I remember when the internet became a real thing in the lives of the commoners. Many people likened the revolution to what the invention of the telephone did to society. It connected many of us in ways that few had ever imagined was possible.
I mean, Gene Roddenberry saw it of course because…Star Trek.
But one thing I don’t think we were prepared for was the replication of a darker side of our humanity that followed us into cyberspace.
In this vast space of the internet it is even easier to become isolated in a sea of other people’s virtual lives.
Remember in high school how those who didn’t choose or have the privilege of an inherited pack were isolated and cut off from many of the social niceties of that world. I dodged some of that isolation by aligning myself with band. Playing two instruments was a skill I mastered that granted me a useful role within the pack.
In the vastness of the internet we pull some real world groupings into the virtual world but we also manage to create groups in cyberspace that don’t necessarily exist in the “world of the real”.
So what happens when physical boundaries to finding a pack are illuminated by technology and you still can’t find a pack to welcome and shelter you? Isn’t that how it feels when you post something and you get few to no likes, few to no shares, almost negative in the comment feature despite having a few hundred followers?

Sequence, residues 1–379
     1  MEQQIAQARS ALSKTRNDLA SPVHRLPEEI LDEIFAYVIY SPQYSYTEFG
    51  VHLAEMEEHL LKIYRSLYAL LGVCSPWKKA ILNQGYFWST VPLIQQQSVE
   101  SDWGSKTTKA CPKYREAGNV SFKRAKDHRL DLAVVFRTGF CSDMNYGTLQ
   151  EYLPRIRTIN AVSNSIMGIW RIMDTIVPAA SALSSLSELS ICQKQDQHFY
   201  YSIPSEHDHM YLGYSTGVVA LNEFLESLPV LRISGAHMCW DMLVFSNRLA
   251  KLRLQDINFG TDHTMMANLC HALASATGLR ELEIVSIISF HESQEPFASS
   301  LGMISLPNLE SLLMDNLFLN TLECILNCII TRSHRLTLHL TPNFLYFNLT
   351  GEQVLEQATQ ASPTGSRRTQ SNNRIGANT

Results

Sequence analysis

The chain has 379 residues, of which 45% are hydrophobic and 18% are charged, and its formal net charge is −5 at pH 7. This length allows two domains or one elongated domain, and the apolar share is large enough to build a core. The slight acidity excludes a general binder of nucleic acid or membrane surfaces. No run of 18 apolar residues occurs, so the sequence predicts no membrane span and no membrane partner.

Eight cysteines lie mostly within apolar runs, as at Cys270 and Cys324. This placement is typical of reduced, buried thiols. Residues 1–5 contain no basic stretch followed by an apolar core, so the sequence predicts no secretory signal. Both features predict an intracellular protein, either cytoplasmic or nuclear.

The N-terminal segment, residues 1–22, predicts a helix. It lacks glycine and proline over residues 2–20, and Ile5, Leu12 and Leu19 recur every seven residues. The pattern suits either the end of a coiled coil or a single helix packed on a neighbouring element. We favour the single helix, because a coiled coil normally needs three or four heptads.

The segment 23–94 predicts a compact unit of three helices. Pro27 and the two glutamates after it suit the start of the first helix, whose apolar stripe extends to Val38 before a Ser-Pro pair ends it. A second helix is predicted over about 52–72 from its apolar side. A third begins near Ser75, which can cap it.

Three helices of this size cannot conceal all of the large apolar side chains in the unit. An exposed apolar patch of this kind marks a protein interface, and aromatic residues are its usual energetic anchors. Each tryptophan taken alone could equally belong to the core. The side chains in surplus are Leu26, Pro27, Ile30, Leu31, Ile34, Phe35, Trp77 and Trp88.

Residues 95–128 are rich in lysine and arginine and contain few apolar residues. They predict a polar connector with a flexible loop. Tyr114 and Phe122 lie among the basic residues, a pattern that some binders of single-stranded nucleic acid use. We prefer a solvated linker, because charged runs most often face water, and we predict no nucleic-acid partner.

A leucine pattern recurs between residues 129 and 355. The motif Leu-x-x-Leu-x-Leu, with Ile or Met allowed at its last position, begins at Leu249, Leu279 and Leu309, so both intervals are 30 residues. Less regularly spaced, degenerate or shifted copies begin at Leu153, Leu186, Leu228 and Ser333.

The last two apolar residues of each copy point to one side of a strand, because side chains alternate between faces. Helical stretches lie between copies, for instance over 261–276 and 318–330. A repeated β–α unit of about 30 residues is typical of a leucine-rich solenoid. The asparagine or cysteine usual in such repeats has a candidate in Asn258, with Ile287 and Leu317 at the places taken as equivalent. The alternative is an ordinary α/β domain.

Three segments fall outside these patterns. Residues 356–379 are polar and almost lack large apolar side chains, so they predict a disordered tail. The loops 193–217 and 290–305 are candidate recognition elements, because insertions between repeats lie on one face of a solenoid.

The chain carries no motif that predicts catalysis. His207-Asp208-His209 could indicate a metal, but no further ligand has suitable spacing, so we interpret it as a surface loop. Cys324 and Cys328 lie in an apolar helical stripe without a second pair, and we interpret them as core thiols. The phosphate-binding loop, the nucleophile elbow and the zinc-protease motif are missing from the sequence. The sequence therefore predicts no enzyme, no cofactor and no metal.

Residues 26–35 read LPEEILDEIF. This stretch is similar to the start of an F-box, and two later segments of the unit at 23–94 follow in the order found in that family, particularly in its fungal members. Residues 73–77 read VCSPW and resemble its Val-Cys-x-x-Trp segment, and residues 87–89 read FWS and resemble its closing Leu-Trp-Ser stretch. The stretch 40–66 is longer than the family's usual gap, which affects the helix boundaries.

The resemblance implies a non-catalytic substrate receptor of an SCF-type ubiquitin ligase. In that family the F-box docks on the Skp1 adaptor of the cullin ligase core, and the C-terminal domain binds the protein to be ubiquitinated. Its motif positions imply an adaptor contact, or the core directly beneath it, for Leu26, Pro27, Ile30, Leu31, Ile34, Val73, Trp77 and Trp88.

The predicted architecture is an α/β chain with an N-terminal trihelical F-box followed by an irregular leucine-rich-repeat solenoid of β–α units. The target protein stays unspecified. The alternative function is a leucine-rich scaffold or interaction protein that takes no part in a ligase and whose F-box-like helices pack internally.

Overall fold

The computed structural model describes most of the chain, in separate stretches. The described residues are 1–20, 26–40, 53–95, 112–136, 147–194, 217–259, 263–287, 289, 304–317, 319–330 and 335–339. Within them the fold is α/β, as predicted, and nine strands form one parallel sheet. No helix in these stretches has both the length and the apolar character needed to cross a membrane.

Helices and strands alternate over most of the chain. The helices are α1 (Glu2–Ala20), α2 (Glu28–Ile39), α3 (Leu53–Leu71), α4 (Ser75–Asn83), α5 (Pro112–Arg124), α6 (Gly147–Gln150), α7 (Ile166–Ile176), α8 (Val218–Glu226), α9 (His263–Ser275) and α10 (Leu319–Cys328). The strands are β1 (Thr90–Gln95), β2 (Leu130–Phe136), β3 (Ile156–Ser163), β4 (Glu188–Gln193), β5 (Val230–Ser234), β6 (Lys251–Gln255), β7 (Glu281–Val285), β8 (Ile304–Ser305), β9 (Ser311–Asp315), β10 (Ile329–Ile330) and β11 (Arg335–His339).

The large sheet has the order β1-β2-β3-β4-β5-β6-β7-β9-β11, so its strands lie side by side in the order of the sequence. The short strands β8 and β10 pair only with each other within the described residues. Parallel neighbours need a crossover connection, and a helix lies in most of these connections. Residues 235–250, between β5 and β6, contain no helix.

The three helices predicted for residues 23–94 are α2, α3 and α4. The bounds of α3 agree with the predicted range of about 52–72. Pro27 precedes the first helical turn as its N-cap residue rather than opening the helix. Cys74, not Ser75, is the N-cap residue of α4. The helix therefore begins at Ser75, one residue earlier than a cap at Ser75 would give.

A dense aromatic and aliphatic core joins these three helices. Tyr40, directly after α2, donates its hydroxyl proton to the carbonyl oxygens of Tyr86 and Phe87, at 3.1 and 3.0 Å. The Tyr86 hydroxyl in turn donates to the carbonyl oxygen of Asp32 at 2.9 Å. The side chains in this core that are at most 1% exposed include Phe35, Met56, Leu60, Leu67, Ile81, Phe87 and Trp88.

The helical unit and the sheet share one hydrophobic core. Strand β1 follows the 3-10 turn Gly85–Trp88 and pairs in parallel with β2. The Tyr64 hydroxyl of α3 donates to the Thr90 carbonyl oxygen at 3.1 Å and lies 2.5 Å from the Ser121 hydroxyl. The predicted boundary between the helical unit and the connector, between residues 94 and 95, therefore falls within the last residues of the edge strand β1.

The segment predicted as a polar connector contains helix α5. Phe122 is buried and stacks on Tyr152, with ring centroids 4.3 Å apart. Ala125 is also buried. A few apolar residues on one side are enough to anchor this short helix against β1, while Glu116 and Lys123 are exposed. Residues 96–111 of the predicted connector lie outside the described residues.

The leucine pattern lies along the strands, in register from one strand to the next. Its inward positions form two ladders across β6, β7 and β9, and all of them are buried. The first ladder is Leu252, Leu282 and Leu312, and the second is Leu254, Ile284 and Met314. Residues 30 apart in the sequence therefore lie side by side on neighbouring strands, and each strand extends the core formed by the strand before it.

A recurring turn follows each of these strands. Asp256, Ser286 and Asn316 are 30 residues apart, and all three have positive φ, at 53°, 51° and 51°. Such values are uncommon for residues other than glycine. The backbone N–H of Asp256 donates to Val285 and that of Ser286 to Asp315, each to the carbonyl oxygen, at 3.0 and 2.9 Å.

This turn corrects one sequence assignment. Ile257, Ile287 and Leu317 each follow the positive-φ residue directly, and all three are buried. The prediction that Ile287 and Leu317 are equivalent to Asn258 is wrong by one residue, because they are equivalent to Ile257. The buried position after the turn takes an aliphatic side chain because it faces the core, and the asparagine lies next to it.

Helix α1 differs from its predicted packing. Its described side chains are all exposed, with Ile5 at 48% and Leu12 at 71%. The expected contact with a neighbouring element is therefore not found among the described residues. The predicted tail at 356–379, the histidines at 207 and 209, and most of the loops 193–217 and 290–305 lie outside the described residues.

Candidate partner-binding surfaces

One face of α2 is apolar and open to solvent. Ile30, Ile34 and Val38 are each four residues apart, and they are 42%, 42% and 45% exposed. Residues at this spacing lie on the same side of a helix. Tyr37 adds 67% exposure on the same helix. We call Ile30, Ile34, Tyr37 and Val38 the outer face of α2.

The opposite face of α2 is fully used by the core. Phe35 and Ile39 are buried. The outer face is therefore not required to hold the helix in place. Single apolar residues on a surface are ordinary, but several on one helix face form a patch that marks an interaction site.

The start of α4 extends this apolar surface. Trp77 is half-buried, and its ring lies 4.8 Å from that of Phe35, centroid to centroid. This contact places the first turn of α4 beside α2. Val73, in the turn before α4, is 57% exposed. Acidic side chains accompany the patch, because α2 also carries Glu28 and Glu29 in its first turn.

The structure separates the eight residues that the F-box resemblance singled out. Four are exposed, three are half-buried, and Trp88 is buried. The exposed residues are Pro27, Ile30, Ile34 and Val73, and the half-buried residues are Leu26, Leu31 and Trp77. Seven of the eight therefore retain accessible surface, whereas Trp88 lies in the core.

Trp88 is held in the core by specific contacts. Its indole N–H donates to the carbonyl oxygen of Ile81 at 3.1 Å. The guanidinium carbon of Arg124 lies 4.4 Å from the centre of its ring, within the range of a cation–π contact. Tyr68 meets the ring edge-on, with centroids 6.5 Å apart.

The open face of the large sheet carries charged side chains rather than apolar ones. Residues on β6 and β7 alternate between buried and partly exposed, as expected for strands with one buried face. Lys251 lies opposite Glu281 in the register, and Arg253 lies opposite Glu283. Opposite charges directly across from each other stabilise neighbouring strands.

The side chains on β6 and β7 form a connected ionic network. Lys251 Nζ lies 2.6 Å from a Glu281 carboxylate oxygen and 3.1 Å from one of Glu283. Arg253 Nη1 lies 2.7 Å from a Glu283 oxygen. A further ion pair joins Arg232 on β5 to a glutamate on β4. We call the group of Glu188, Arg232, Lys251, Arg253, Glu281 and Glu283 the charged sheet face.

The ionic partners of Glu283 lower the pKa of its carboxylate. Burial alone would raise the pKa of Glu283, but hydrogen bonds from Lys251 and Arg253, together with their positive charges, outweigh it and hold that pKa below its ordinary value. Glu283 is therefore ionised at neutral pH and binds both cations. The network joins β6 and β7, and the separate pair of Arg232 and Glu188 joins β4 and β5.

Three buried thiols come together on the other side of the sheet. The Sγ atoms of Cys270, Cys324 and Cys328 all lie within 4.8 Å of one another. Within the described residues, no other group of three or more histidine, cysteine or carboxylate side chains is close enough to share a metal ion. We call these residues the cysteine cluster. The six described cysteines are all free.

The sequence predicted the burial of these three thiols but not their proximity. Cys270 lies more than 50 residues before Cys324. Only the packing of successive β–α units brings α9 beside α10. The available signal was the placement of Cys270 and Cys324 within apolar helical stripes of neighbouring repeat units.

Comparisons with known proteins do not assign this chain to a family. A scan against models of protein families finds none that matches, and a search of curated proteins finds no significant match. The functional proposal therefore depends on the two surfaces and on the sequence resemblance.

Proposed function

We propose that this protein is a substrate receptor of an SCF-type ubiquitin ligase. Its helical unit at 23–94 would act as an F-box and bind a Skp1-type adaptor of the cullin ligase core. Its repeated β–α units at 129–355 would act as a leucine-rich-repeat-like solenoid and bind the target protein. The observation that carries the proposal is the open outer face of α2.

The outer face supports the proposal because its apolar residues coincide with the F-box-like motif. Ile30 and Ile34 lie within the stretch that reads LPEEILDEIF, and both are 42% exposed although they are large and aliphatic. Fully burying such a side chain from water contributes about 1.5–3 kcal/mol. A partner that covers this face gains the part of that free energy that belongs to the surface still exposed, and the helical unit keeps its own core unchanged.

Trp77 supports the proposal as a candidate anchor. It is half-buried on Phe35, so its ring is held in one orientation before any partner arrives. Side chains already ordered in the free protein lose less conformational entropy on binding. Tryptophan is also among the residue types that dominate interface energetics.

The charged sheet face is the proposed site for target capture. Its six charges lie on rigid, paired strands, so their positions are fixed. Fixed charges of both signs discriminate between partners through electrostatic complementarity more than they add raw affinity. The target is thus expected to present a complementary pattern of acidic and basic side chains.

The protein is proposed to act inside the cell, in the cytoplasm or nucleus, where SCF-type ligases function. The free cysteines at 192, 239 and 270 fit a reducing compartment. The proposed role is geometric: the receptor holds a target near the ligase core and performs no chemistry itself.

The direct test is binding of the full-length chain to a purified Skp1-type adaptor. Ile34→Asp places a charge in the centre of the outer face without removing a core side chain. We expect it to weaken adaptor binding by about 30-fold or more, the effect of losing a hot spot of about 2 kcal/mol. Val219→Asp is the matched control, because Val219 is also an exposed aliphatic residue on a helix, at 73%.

How does this work on the human mind that by default craves some kind of recognition and acknowledgement?
There’s a part of me that kind of wishes we would plant sign posts throughout the internet that gently pointed people towards resources that help individuals work through their feelings. Not in an annoying, pop up ad way, but an acknowledgement that everyone can be seen and that as wonderful of a resource as the internet it, it can also be a treacherous space to navigate.
Kinda like high school.
Marta C. Youngblood is the founder and creative engine behind TheWRITEaddiction creatives co-op founded in 2014 as a virtual community supporting writers from all over the United States of America. Marta’s passion drives her to support the success of creatives from all walks of life to honor their talent and share it with the world. She believes that working in our creative callings does not have to be synonymous with being a “starving artist” and helps creatives master the business skills and strategies they need to work in their gifts.